In Haskell the patterns is written down one after another, it acts as a kind of case selection, when matching, those patterns are matched one by one, in the order that they are written down

```
foo 0 = "Hello"
foo 1 = "World"
*Main> foo 0
"Hello"
```

In this case the order doesn't matter, they are distinct patterns, we can write it in different order with no problem

```
foo 1 = "World"
foo 0 = "Hello"

*Main> foo 0
"Hello"
```

But sometimes the order is significant, because a pattern may contains another pattern

```
foo 1 = "World"
foo 0 = "Hello"
foo n = "Anything is not 1 or 0"
```

If the more general pattern is put at the top:

```
foo n = "Anything include 1 or 0"
foo 0 = "Hello"
foo 1 = "World"
```

In this case, the pattern 0 and 1 will never be matched, because pattern n contains all the constant patterns and Haskell compiler will gives a warning. This is called pattern overlap.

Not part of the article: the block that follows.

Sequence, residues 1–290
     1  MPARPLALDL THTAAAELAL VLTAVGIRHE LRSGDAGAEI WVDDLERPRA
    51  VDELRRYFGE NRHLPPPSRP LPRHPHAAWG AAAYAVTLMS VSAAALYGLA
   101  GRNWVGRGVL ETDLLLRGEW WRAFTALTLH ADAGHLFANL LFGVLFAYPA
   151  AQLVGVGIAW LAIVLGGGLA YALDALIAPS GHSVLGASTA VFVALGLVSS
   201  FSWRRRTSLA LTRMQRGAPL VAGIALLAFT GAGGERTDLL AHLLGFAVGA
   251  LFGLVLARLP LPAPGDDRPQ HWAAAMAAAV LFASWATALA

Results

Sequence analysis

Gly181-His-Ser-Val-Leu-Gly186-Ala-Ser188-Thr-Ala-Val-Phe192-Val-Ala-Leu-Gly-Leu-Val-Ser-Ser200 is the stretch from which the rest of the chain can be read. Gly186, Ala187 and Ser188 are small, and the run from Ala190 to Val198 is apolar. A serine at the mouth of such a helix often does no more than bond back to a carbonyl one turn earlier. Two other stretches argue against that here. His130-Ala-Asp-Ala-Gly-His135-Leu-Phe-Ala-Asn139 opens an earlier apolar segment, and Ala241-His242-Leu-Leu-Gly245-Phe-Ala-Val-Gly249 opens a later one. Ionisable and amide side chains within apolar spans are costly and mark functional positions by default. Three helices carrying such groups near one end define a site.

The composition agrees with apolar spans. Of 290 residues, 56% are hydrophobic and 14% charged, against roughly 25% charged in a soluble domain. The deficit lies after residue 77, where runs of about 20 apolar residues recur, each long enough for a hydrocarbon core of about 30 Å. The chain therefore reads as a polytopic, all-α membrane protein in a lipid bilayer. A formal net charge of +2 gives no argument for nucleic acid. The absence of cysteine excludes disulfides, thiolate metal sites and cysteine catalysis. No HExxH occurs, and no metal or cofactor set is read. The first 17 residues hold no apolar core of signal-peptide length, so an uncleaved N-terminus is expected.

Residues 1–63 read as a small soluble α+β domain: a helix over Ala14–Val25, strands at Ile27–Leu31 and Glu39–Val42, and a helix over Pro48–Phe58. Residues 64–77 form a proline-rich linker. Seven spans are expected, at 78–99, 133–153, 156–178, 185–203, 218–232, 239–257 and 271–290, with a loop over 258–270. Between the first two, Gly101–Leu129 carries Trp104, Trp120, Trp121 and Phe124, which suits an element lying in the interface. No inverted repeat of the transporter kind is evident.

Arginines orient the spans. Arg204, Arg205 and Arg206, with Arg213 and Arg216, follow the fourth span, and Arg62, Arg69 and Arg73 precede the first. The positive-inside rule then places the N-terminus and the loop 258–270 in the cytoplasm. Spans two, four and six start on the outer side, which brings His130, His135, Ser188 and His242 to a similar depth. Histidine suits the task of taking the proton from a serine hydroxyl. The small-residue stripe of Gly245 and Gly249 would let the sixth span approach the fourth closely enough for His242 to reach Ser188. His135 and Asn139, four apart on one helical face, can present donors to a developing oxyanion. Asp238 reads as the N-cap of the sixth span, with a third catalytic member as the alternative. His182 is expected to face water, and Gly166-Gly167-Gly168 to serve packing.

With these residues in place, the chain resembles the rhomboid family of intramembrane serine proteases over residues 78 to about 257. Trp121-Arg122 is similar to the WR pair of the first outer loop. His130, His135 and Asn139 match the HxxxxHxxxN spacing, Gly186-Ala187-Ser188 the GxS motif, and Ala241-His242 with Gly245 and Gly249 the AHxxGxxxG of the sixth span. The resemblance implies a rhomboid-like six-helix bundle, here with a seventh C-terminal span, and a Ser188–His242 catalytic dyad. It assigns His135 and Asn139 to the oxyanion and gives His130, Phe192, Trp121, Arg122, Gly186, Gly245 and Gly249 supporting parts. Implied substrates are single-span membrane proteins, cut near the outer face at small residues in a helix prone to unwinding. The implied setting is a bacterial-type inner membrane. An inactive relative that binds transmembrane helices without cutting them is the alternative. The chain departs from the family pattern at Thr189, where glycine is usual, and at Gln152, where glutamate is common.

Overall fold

```
Pattern match(es) are overlapped
In an equation for ‘foo’:
foo 0 = ...
foo 1 = ...
```

The overlap pattern is common in function definition especially the recursive function in which the constant pattern indicate how the recursion should terminate and general pattern let the function recursive. For example the factorial function:

```
fact 0 = 1
fact n = n * fact (n - 1)
```

Or the Fibonacci function

```
fib 1 = 1
fib 2 = 1
fib n = fib (n -1 ) + fib (n -2)
```